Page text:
11.7% of successfully opened fraudulent account applications were opened using a real person's identity. The remaining 88.3% of the successfully opened fraudulent account applications appeared to be opened using a synthetic identity. Synthetic identity fraud also represented the majority of dollar losses: 73.8% of dollar losses were due to synthetic identity fraud, compared to 26.2% for true-name identity theft.

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Why Should We Care?


While creditors are hardest-hit, synthetic identity fraud affects consumers in 3 significant ways:

1. Consumers Partially Pay for It. Indeed, creditors do bear the financial burden of fraud losses. Still, they pass some of those costs on to consumers through fees and higher interest rates, says Hoofnagle. "Although it's diffuse, we're talking at least tens of billions of dollars" worth of the hit.

2. Debt collectors could come after Innocent Consumers Based on SSN. There could be a consumer victim if a creditor ignored the fictitious name given and pursued the individual whose Social Security number was used, he says. Collection agencies have the ability to perform "Social searches" on Social Security numbers to find current addresses for delinquent debtors. A Social search will also turn up names associated with that Social Security number, which means innocent consumers could hear from debt collectors.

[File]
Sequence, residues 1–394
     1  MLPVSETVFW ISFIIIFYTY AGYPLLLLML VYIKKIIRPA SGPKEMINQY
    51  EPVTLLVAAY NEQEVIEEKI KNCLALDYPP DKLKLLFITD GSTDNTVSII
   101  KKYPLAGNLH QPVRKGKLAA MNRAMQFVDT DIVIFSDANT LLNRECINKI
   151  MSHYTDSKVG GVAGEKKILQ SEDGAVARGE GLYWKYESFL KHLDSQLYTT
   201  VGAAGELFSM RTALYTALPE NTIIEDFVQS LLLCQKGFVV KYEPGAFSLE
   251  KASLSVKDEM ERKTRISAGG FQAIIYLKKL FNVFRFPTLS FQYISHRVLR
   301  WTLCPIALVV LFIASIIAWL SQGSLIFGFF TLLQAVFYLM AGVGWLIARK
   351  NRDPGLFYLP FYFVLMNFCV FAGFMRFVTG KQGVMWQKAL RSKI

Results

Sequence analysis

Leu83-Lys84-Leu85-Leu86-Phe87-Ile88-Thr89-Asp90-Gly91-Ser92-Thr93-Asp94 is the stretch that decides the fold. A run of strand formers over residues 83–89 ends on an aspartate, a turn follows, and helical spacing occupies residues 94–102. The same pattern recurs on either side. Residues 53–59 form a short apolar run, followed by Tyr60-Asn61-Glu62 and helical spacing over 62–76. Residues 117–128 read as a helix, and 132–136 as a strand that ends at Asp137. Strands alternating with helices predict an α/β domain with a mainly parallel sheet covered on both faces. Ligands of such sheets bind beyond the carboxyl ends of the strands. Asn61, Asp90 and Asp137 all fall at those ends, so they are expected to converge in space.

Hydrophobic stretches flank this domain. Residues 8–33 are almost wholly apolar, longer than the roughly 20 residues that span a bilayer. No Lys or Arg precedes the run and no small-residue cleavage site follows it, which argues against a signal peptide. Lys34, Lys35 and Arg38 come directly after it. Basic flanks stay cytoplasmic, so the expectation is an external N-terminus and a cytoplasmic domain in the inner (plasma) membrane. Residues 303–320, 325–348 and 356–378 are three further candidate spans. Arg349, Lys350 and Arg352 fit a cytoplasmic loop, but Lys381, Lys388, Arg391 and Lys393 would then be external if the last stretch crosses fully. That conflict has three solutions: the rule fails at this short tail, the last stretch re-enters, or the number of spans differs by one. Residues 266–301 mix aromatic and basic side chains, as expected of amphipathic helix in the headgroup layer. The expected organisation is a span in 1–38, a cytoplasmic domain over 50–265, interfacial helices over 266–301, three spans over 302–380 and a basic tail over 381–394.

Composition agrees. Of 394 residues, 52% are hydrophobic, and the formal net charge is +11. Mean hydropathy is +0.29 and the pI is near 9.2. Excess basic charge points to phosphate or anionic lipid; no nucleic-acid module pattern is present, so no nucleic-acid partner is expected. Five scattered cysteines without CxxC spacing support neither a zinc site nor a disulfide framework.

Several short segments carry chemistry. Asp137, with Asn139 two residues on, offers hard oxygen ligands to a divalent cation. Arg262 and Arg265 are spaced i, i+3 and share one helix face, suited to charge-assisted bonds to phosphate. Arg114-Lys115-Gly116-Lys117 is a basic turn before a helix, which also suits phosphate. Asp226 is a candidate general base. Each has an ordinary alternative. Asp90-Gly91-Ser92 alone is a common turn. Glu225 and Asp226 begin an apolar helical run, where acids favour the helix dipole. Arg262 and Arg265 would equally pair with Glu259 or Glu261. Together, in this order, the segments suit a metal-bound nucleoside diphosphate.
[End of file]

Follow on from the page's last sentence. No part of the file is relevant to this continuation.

3. Synthetic ID fraud creates file variations at the Credit Bureaus. Synthetic ID Theft creates subfiles at the credit bureaus. The term subfile, says Evan Hendricks, author of "Credit Scores and Credit Reports," refers to additional credit report information tied to a real consumer's Social Security number, but someone else's name. Because the identifying information contains some data that's already linked to a particular consumer, the subfile gets associated with the consumer's main file, or "A" file.

Subfiles can surface when a creditor checking a consumer's credit report asks for all the possible files related to that consumer -- if they want all the files associated with a particular Social Security number

Note, however, that variations in credit files are natural. Variations can occur due to typos; for instance, when a creditor types in the information from an application to request a credit report on a consumer. Two names could also get associated with one Social Security number; for example, when a woman changes her name after marriage. Hence, the difficulty in gathering accurate statistics regarding identity theft (and hence the seemingly-decrease in its existence).

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How Can We Avoid Being a Victim?